Other known herbivores found in tropical rainforests are river fishes, frogs, possum, squirrels, chipmunks, voles, wallabies and bandicoots, just to mention a few.

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    Thr Primary Consumer and the Secondary Consumer 

    The Secondary Consumers - The Skillfully Adept Predators

    The secondary consumers in a tropical rainforest food chain are predatory in nature and are classified as carnivores or meat-eating animals. These animals often come in sizes or shapes that fool unknowing prey. As smaller-sized carnivores, they often possess their own sets of unique skills to trap a quarry or evade their natural predators.

    For example, some types of venomous spider prey on birds by weaving webs that are thick and strong enough to trap an unsuspecting bird that perches on a tree.

    Birds nest in the upper leaves and branches of the tropical trees to protect their eggs or hatchlings. Yet a cunning tree snake that discovers the nest will lie in wait unnoticed, until it can feed on the eggs or hatchlings in the most opportune time.

    These secondary consumers find it necessary to use the same skills to avoid their own predators. Larger–sized marauders can easily lay claim over the smaller-sized carnivores as their food in an ecosystem’s supply chain. Hence, a tree-climbing snake also has to be careful while scavenging or hunting for food while atop the tree’s canopy – since an eagle, flying overhead, can easily sweep down on the snake and claim it as its prey. The eagle is a tertiary consumer.

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    The Secondary and Tertiary Consumers 

    The Tertiary Consumers – Predators to the Secondary Consumers

    These carnivores are at the top of the food chain in the tropical rainforest, as they feed on the secondary consumers. In other forms of ecosystems, there are quaternary consumers that pose a threat to the tertiary consumers.

    Eagles, jaguars and lions are the most common examples of tertiary consumers, since they tend to be stronger and more ferocious. However, lions are not among the dwellers of a rainforest since they are more acclimatized to dry forests, thick brushes and wide open plains. Jaguars, however, prefer to live in wet lowlands, like in the savannahs and rainforests.

    A jaguar eats around 80 different varieties of secondary consumers as its prey. They hunt and stalk animals like their favorite deer, tapirs, birds, monkeys, turtles, fish, rodents and even cattle, horses, or sheep if ever they chance upon one. It is said that they rarely initiate human attacks and will do so only if they sense that they are being hunted or about to be attacked. Jaguars often hide in caves.

    Most tertiary consumers have become endangered, as humans hunt them down for their furs and as formidable prize catches in hunting expeditions. Eagles have been driven out of their natural habitats, as forest lands have been cleared-out for commercial purposes.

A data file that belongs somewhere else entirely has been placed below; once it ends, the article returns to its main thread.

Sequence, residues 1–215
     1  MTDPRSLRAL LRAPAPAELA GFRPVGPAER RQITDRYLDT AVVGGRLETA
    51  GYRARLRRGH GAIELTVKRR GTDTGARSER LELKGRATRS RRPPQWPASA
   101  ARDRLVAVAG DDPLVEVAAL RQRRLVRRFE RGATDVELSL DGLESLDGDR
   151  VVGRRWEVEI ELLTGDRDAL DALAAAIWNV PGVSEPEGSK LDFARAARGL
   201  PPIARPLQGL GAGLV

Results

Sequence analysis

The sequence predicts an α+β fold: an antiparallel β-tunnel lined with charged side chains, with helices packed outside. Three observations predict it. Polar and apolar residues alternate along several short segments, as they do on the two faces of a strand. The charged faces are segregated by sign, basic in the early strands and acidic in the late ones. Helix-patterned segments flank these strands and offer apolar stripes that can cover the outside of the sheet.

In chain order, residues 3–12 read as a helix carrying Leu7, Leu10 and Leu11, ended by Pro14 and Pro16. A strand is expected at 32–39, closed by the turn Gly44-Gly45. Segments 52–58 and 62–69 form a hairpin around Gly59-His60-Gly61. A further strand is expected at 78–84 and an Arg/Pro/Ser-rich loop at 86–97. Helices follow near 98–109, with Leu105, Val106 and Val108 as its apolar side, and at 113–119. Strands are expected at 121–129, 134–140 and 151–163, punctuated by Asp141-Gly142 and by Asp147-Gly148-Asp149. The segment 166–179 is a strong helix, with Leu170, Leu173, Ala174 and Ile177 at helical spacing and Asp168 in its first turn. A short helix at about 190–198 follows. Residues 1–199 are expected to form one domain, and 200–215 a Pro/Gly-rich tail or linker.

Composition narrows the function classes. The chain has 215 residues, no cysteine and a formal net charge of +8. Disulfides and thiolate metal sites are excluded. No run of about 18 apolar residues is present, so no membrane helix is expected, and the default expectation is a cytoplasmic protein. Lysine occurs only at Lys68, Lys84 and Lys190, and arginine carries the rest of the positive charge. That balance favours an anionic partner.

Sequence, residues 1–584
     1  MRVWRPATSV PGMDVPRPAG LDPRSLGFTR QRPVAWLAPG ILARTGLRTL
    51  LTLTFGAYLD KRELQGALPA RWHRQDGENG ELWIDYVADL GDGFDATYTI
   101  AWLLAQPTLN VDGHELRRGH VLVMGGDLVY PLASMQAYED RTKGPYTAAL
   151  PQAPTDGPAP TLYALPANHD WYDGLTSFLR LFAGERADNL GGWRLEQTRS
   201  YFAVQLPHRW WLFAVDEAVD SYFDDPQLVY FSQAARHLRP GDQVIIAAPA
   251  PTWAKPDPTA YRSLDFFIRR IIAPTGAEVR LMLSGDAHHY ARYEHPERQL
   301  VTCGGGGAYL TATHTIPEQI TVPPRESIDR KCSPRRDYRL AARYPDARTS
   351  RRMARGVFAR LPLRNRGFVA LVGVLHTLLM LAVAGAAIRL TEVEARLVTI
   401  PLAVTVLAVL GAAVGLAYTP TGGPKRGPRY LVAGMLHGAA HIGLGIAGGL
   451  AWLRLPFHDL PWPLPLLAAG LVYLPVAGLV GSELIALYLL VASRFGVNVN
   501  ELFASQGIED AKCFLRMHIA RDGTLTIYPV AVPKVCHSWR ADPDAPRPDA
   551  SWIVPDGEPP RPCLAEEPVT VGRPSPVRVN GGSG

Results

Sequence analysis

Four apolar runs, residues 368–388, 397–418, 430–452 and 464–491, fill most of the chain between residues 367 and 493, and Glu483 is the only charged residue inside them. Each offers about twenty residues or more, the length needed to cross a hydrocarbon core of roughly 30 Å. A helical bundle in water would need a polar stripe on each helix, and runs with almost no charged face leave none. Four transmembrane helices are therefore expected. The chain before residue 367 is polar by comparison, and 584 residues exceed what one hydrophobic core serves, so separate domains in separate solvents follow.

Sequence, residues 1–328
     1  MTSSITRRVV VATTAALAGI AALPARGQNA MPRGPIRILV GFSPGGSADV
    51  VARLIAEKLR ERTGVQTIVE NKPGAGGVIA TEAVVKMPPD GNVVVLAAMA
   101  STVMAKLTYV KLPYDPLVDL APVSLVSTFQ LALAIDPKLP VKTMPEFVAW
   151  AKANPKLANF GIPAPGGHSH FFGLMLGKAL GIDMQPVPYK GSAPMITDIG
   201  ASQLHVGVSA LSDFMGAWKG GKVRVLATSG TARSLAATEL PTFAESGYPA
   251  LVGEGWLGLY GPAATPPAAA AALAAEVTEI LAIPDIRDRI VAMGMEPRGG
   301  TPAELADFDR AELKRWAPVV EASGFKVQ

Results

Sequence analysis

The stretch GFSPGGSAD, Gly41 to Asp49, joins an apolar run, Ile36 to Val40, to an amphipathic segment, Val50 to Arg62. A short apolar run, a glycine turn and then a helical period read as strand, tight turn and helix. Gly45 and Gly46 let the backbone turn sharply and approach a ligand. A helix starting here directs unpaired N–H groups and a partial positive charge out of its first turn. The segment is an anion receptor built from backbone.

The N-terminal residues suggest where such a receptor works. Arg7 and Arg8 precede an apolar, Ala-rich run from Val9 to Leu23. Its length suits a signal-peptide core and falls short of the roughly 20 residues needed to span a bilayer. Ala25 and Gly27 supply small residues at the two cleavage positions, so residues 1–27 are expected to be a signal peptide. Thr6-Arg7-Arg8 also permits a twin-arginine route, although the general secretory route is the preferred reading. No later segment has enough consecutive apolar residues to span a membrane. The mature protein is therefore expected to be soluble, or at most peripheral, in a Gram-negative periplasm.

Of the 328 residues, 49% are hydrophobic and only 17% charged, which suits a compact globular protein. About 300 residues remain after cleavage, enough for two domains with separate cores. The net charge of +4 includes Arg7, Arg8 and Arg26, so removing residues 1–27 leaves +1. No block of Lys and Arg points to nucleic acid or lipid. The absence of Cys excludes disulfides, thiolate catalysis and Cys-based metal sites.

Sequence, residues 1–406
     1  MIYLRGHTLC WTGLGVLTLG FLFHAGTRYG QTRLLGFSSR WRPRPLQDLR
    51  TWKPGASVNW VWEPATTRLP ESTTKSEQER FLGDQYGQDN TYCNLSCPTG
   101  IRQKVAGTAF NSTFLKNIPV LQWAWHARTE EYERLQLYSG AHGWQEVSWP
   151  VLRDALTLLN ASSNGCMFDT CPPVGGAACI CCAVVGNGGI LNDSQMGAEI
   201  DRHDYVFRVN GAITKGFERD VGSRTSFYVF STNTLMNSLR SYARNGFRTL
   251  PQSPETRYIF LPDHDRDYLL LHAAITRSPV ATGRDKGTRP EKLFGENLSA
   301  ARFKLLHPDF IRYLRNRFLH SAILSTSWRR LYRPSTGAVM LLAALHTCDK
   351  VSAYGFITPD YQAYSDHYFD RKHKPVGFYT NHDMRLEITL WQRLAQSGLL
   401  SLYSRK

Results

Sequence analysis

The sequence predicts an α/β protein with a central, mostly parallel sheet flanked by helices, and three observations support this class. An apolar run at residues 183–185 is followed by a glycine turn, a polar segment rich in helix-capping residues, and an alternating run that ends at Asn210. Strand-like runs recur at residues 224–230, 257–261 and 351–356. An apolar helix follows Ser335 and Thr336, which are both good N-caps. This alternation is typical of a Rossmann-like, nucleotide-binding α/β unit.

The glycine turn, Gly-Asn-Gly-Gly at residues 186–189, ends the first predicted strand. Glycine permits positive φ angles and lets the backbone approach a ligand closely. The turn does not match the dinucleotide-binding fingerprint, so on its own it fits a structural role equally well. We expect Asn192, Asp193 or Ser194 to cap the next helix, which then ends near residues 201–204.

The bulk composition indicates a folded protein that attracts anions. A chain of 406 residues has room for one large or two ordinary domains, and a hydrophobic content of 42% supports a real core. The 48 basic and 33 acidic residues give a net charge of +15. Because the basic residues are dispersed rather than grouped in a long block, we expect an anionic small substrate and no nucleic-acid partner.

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    Tertiary and Quaternary Consumers 

    The Quaternary Consumers

    The last in the order of hierarchy are the quaternary consumers. They are at the topmost level of the food chain and have no predators with which to contend. This group is represented by the large non-poisonous but incredibly strong constrictors like the boas and pythons. There are the huge swamp-crocodiles as well as the indigenous tribes who have mastered their hunting and entrapment skills in capturing larger prey. Although the number of quaternary consumers is relatively few, they have the ability to dominate the environment because of their extraordinary strength or skills.

    In addition, humans, represented by large mining, logging and farming companies have been successful in dominating some of the world’s rainforests. They have created roads that cut into forest areas, and have caused rainforest "fragmentation." Studies have ascertained that this has caused the separation of some animal species from their natural sources of food as well as destruction of their habitats.

    For instance, Asian elephants and orangutans are being threatened by human activities that have destroyed their environment. A separate but related article entitled "How Animals Live in Different Rainforest Environments" furnishes further information on how the elephant's food supply has been affected.

    If at the end of the day, all forest animals and plants dwindle and become extinct, the only life forms that will remain in the tropical rainforest food chain are the single-celled fungi, bacteria and similar organisms, since in order to survive, they need only decaying and rotting matter.